Foreign and domestic donations have supported the relief work. New schools, hospitals and homes have been rebuilt at a cost of 800 billion yuan (HK$1 trillion).
However, big questions remain, in particular whether the new buildings will be safer. More than 7,000 schools collapsed during the two-minute-long quake. These poor-quality, "tofu-dregs schoolhouses" failed to withstand severe shaking, which led to claims of corruption, as well as poor construction. Builders allegedly replaced steel rods with thin iron wires as reinforcement, and used inferior-grade cement, as officials and businesses reportedly colluded while focusing only on profits.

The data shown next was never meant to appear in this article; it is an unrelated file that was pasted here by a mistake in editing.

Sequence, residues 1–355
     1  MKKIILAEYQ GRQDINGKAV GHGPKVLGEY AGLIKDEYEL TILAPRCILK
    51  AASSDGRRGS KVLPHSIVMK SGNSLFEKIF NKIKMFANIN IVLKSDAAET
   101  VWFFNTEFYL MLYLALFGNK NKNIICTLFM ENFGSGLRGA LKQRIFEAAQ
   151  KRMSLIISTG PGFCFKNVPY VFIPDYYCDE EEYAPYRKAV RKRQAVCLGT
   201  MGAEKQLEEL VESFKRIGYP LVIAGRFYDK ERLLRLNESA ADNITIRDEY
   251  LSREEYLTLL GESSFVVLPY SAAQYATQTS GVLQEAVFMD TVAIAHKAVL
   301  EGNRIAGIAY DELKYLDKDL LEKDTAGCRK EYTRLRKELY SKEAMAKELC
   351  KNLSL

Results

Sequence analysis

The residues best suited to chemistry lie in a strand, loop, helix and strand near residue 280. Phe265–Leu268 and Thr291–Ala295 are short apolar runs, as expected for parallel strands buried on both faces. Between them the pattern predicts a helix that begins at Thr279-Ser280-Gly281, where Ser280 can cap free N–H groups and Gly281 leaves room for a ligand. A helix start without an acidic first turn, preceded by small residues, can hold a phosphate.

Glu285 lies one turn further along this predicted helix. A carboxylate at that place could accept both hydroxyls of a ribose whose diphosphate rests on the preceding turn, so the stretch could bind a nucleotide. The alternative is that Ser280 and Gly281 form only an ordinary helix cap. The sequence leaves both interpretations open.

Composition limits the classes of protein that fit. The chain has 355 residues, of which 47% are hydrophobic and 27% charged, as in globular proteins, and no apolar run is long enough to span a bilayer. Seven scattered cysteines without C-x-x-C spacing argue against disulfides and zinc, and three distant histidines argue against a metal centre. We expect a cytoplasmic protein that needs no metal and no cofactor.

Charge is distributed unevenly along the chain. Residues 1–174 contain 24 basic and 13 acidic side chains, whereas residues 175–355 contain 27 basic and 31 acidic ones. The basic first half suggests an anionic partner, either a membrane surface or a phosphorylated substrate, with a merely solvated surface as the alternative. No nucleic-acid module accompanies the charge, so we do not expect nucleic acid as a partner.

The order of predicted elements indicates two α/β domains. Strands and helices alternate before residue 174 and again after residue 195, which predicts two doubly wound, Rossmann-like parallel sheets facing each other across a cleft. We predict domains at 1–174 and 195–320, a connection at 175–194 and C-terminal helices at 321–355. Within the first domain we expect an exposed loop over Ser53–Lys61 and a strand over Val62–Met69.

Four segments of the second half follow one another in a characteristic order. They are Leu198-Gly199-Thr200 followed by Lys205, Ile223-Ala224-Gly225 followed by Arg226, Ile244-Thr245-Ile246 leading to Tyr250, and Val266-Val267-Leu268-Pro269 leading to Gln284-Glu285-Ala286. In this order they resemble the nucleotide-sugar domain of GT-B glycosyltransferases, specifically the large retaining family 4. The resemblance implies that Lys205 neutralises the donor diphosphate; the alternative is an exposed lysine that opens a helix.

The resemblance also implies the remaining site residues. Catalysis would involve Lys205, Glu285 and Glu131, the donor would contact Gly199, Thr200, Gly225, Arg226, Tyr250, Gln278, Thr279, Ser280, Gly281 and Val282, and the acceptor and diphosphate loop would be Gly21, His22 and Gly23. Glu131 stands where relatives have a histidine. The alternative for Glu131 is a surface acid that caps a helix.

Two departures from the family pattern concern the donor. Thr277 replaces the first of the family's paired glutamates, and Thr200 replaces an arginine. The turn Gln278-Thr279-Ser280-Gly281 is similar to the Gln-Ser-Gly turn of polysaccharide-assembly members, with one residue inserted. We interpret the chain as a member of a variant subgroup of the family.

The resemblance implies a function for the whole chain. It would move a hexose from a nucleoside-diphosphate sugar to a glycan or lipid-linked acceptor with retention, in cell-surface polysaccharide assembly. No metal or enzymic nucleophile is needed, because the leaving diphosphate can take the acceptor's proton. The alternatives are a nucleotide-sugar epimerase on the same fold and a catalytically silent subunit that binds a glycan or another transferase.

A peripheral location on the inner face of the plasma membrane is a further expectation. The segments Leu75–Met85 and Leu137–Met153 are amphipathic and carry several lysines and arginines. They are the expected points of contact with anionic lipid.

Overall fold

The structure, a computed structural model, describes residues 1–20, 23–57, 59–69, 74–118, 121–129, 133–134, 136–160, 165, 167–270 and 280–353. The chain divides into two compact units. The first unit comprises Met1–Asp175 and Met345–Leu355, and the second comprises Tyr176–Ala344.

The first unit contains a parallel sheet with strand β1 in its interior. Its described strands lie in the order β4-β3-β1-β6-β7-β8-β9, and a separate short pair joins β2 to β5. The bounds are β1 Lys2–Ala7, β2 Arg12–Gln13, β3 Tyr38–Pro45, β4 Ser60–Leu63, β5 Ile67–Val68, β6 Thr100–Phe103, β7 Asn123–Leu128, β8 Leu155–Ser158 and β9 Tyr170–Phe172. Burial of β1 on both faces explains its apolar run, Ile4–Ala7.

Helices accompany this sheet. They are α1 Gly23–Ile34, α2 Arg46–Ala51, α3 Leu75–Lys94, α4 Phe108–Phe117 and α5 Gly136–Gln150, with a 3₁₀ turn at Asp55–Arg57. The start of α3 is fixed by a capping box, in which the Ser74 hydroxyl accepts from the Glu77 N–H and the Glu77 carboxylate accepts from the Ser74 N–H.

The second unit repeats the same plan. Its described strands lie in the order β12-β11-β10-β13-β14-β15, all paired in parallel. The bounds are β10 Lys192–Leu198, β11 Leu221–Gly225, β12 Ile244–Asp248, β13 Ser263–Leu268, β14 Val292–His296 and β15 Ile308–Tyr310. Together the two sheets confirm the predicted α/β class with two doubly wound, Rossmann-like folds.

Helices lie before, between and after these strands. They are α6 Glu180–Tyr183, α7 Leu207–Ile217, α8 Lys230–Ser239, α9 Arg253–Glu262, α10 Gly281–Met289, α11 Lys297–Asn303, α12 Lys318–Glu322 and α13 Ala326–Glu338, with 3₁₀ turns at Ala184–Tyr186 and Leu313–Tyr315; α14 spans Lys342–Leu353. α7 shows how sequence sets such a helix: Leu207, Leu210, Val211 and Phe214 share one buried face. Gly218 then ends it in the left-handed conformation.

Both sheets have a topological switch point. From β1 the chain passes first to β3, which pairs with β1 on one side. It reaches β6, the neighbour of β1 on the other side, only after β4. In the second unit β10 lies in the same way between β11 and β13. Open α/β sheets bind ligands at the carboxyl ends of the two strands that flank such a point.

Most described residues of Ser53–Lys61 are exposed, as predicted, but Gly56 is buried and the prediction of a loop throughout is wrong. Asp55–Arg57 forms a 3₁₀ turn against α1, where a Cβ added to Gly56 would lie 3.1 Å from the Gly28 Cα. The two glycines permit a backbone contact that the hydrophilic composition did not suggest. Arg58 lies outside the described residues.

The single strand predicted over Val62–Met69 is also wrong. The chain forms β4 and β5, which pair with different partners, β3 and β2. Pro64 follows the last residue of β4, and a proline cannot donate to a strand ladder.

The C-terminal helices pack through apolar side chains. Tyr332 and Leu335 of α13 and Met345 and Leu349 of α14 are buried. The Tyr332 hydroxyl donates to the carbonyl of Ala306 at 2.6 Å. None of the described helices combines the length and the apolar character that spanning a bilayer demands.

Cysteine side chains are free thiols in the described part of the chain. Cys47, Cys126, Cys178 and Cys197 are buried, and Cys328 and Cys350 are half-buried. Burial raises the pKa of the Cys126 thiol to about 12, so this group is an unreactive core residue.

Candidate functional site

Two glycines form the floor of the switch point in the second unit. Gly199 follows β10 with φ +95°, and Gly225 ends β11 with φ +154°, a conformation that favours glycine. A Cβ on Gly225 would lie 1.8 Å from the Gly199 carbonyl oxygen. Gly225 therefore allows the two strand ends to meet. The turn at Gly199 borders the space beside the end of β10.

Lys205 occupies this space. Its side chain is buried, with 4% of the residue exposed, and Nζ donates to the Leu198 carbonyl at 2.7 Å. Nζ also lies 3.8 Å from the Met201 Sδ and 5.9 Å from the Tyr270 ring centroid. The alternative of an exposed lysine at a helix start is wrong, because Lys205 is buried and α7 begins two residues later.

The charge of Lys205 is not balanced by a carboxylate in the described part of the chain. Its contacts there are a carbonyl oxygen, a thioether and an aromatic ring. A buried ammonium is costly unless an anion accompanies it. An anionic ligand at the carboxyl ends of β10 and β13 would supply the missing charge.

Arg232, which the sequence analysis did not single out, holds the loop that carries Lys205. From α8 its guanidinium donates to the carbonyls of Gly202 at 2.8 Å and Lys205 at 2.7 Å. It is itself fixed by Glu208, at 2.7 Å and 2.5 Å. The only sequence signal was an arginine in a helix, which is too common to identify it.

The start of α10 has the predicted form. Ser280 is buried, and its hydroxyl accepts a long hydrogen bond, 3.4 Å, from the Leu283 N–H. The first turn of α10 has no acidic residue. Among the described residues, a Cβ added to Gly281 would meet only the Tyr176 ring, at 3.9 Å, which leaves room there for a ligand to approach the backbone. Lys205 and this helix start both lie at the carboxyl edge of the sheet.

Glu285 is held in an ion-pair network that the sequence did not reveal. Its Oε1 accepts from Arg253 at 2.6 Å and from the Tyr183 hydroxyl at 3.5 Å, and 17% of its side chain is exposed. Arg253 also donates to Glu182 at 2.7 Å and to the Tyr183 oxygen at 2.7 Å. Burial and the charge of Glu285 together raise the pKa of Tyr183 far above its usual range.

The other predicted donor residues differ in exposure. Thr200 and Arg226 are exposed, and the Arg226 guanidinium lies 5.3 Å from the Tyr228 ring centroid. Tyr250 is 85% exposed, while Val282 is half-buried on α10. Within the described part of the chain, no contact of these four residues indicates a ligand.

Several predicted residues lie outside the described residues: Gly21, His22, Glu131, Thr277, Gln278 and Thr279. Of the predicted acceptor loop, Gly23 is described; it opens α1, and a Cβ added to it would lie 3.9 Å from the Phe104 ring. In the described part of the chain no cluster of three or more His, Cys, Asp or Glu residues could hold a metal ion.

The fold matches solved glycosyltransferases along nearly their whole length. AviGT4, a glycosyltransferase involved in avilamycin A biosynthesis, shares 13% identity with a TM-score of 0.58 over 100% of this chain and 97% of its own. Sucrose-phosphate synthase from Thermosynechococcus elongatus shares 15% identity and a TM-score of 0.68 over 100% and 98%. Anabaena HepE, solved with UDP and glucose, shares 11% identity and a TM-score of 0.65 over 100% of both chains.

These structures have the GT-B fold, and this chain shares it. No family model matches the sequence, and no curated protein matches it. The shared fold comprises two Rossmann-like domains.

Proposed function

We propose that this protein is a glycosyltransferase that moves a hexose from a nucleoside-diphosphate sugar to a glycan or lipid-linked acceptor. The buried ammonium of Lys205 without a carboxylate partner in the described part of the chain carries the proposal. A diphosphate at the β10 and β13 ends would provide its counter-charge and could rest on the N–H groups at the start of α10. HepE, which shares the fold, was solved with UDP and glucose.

Many affected families are still searching for justice, and some have reportedly been detained and even beaten up for trying to find out the truth.
Endemic corruption has plagued China for centuries; and as the economy has grown, so too has corruption. President Xi Jinping , the new leader, began a frugality campaign to fight corruption. He is targeting "tigers and flies" - corrupt, high-ranking officials and smaller bureaucrats; arrests have begun.
However, given the scale and prevalence of the mainland's corruption, it is unlikely that this problem will be eradicated any time soon.